China Warns U.S. to Avoid Taiwan Strait


Establishing the threshold for a new round of military escalation in the tense week leading up to Taiwan's first direct presidential election, Chinese Premier Li Peng on Sunday warned the United States to keep its warships out of the Taiwan Strait.

"If some foreign force makes a show of force in the Taiwan Strait, that will not be helpful but will make the situation all the more complicated," Li told reporters during a news conference at the Great Hall of the People here.

The U.S. aircraft carrier Independence is positioned off Taiwan's eastern coast to monitor ongoing Chinese military maneuvers. A second carrier, the Nimitz, is en route from the Persian Gulf and is expected to arrive in the area this week.

In December, the Nimitz, accompanied by other warships, led the first passage by a U.S. carrier group through the 100-mile-wide strait between the mainland and Taiwan since 1979, when the United States cut off diplomatic relations with Taiwan and recognized Beijing as the only government of China.

In acknowledging the December passage, U.S. officials had asserted that the carrier group made the trip only to avoid bad weather. But it amounted to an extraordinary show of U.S. naval power at a time of increasing tensions.

In Washington on Sunday, White House Chief of Staff Leon E. Panetta refused to say whether the U.S. intends to defy Li's warning and order warships to enter the strait any time soon.

"There's nothing further to be said about where we will deploy those vessels," Panetta said on the CBS-TV news program "Face the Nation." "That's something I'm not going to tell you or the country at this point."

Panetta described China's military maneuvers near Taiwan as "reckless and frankly provocative." In contrast, he described the Clinton administration's reaction to the Chinese military activity as "prudent . . . cautious . . . and very clear."

China's Li did not specify what "complications" would arise if the United States did send any of its ships into the strait. But specialists on the Chinese military predict that such a move would lead to an expanded or extended wave of military exercises near Taiwan or to the firing of more M-9 ballistic missiles at targets near the island.

For more than a week, China has been conducting air and naval exercises in the Taiwan Strait southwest of Taiwan. During that time, the Chinese have fired four unarmed M-9 missiles, capable of carrying nuclear warheads, at sea targets just off the Taiwanese coast.

The naval exercises had been scheduled to end Wednesday. But last week, China dashed hopes for an easing of tensions when it announced another set of exercises in the Haitan island group off the mainland coast that is set to begin today and conclude next Monday, two days after Taiwan's election.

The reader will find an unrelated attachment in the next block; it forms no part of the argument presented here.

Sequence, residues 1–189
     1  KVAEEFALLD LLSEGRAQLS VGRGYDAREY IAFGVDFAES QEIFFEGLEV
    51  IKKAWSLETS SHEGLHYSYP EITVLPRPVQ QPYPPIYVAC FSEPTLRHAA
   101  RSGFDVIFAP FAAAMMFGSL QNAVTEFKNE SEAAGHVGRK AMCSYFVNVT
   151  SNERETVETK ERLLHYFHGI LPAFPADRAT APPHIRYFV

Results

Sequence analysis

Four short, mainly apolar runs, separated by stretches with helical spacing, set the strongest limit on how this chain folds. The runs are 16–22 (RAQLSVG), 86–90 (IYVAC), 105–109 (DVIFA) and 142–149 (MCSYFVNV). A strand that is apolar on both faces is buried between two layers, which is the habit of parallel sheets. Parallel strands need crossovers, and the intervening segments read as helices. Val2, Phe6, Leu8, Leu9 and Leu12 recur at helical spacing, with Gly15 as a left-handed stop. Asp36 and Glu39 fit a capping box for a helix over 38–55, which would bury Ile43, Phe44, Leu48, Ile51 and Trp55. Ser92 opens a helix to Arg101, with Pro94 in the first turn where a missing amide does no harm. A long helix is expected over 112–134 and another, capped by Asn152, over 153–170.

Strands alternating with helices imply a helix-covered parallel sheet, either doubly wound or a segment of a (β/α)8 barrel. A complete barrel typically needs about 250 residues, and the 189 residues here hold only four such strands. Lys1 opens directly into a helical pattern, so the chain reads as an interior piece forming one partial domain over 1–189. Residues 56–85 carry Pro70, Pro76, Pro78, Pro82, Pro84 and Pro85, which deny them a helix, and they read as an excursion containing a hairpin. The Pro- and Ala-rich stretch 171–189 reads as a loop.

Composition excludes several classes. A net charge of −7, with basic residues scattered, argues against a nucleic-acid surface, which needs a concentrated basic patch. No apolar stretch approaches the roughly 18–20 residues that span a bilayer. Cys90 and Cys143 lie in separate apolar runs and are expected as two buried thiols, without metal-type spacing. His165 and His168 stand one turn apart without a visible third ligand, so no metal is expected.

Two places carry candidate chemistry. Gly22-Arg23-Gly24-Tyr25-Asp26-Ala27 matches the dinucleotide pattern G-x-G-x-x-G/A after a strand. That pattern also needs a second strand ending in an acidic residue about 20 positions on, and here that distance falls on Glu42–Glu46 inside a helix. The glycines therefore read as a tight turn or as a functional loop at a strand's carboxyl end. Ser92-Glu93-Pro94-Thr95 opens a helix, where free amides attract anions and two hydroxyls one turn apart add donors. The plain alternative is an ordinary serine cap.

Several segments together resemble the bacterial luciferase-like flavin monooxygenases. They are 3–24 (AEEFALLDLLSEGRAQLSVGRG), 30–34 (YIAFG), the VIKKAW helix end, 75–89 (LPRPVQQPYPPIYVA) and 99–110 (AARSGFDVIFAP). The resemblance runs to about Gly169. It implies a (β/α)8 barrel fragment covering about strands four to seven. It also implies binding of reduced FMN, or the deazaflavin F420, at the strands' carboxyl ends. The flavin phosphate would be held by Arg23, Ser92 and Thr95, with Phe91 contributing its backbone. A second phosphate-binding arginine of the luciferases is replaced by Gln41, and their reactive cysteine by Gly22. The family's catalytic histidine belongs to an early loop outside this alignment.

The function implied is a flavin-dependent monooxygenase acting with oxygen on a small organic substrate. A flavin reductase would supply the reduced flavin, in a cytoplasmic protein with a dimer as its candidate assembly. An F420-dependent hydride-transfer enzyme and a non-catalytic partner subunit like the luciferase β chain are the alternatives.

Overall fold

In Taiwan, the influential China Times newspaper, quoting military sources, reported Sunday that People's Liberation Army forces may take advantage of high tide today to practice amphibious landings on an island only 11 miles from the Taiwan-held island of Matsu.

China could be expected to televise the beach landings on its evening news, easily monitored by satellite in Taiwan. The purpose of amphibious landings, said Hong Kong-based military analyst Tai Ming Cheung, would be to present them to the Taiwanese population as a mock invasion of Taiwan.

China considers Taiwan part of its territory and has accused Taiwan's leaders, especially President Lee Teng-hui, of seeking to make the island, with a population of 21 million, an independent state.

In a campaign speech Sunday, Lee, who is favored to win Saturday, accused China of practicing "state terrorism" with the military exercises and menacing missile firings.

"[China's] power comes from guns, and it relies on its guns to maintain its power," Lee said in the televised speech. "The biggest threat to its power is the democratic election across the Taiwan Strait."

Despite the defiant talk of Lee and other political leaders, the Chinese military posturing clearly has spooked some Taiwanese.

Several hundred civilians living on some of the islands near the latest military exercises have been evacuated. Travel agencies on Taiwan have recently offered "antimissile" tour packages to the United States and other destinations as airline officials report a substantial increase in outgoing traffic.

Lee told supporters at a rally Sunday that he needs more than 50% of the presidential vote in order to have a clear mandate from the people for his policies.

The candidate listed by most polls as running second in the race, Lin Yang-kang, a former Nationalist Party colleague of Lee's who was expelled from the party, supports unification of Taiwan and the mainland and opposes Lee's push for a separate Taiwanese seat in the United Nations--positions much more palatable to Beijing.

Despite its dismissal of Taiwan's election as a plot by those seeking independence, Beijing would nevertheless celebrate if Lee's vote fell below 50% while Lin and other pro-unification candidates registered higher-than-expected scores.

Times staff writer Stanley Meisler in Washington contributed to this report.

* CHINA'S OBSTACLE: Taiwan's president has become an obsession with China. A5

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